November 20, 2018 | Capital One Arena | Washington, D.C.
The turmoil around the Washington Wizards from last week’s practice has been well documented by ESPN’s Woj, The Athletic’s Shams, and The Washington Post’s Candace Buckner. John Wall said fuck you to Scott Brooks after getting into it with Jeff Green, Bradley Beal insinuated that the Wizards’ shortcomings start with Ernie Grunfeld (he isn’t wrong) after talking back and forth with Austin Rivers. At 5-11, Washington came into Tuesday’s game potentially on the verge of a massive blowup of a core that has been together for five years now. Potentially for one night only, the Wizards put together a massive comeback to save a little face against a good Clippers team that always plays hard.
Dwight Howard missed his eighth game of the season on Tuesday after reaggravating his piriformis injury that makes it difficult for him to simply bend down. You would think that would result in Ian Mahinmi or Markieff Morris starting at center, but Brooks threw a curveball by giving second-year player Thomas Bryant his first career NBA start. Brooks raved about the 21-year old’s love of the game and constant energy in practice as well as in the final five minutes of the Portland game. In an even more shocking surprise, Morris was benched in favor of Kelly Oubre with Otto Porter sliding to power forward. Bryant ended with tying his career-high with seven points on 3-of-5 shooting in 19 minutes of solid work. Oubre only played 12 minutes because of foul trouble and the strong play from Tomas Satoransky who finished with 13 points, seven rebounds, three assists, and three steals in 24 minutes of work. Morris had 12 points on 3-of-11 shooting and five rebounds in 25 minutes including better play in the second half after a poor start. Brooks described the starting lineup as “fluid” before the game and it really does not matter who starts any particular game, but who finishes and gets the most minutes.
Another Terrible Start
If you thought there was no way that Washington could get down by 20 points in the first quarter for the second straight game at home, you were wrong. LA came out of blitzed the crap out of the Wizards with a 40-18 lead late in the first quarter. The Clippers were 5-of-8 from beyond the arc and 65.2 percent from the field to go along with winning the rebounding battle 15-6 in the first quarter. Midway through the second quarter, the road team was up by a game-high 24 points, 61-37, and entered intermission with a 19-point cushion. For yet another time, Washington allowed their opponent to score more than 70 points on them in a half. To make matters worse, LA was on the second night of a back-to-back, third game in four nights, and did not get into town until around 2 a.m. in the morning after a win in Atlanta.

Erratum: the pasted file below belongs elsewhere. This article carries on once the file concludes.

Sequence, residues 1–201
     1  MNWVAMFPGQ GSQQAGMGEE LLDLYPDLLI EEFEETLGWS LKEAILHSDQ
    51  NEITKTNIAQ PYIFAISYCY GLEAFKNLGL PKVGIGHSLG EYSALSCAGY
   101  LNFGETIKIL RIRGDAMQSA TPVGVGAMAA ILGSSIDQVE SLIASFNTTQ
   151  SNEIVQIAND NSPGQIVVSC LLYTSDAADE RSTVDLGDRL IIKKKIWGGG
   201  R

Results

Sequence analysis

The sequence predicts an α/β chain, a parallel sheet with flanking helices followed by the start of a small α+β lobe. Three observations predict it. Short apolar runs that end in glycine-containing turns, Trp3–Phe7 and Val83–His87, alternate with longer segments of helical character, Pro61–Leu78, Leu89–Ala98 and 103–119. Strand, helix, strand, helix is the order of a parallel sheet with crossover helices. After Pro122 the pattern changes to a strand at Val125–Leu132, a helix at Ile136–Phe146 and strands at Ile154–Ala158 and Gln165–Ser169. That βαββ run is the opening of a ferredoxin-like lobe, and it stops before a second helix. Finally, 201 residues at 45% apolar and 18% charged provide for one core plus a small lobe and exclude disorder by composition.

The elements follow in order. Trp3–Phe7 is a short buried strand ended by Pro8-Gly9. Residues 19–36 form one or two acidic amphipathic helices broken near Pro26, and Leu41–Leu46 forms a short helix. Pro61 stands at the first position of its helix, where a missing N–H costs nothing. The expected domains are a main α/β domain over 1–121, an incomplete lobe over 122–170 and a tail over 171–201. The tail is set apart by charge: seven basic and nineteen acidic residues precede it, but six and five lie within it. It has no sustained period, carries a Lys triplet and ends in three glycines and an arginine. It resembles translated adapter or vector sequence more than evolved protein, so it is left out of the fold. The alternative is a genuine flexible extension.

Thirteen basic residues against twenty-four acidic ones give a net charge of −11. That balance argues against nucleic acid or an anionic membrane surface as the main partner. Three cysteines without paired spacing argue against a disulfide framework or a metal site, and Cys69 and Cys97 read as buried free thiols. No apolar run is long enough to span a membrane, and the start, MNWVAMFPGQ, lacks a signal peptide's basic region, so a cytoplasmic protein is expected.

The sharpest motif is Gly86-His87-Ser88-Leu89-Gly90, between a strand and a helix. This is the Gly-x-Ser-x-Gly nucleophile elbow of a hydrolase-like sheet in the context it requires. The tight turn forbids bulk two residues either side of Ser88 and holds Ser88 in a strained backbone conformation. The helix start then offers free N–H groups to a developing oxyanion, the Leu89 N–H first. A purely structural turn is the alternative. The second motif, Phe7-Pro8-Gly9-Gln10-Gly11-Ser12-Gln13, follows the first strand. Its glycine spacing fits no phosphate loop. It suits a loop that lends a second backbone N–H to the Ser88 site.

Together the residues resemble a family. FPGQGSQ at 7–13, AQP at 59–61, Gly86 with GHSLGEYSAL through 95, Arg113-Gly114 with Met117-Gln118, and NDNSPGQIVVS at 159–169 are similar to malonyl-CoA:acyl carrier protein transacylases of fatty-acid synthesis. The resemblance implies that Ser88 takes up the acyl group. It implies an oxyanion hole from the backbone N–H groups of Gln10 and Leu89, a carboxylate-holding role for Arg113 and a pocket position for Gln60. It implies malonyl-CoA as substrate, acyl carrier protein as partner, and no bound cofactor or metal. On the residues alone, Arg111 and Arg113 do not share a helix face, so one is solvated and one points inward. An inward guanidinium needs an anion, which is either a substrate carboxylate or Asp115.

It would have been very easy for Washington to throw in the towel down a couple dozen in the first half of a game. They did not as they had the mental fortitude to fight through the massive deficit and slowly chip away. The Wizards had done similarly in their losses to Orlando and Portland when getting down so much, but never completed the comeback until Tuesday. Wall suggested that the past experience of being able to close the deficit gave the team the belief that they still had a lot of time left to turn things around. In the second half, Wall and Beal each had 20 points on a combined 12-of-24 shooting after they totaled just 17 points on 10-of-31 together in the first half. Morris and Satoransky each had 10 points each, too. Getting to the free throw line 26 times in the second half as well as forcing 14 turnovers that was cashed into 15 Washington points was certainly a big part. The Wizards needed this comeback is one of the worst ways possible as a rebuild seemingly becomes closer and closer to the reality.
Next Game: After enjoying a Thanksgiving meal with their families, Washington heads north of the border for a game against the Toronto Raptors on Friday night.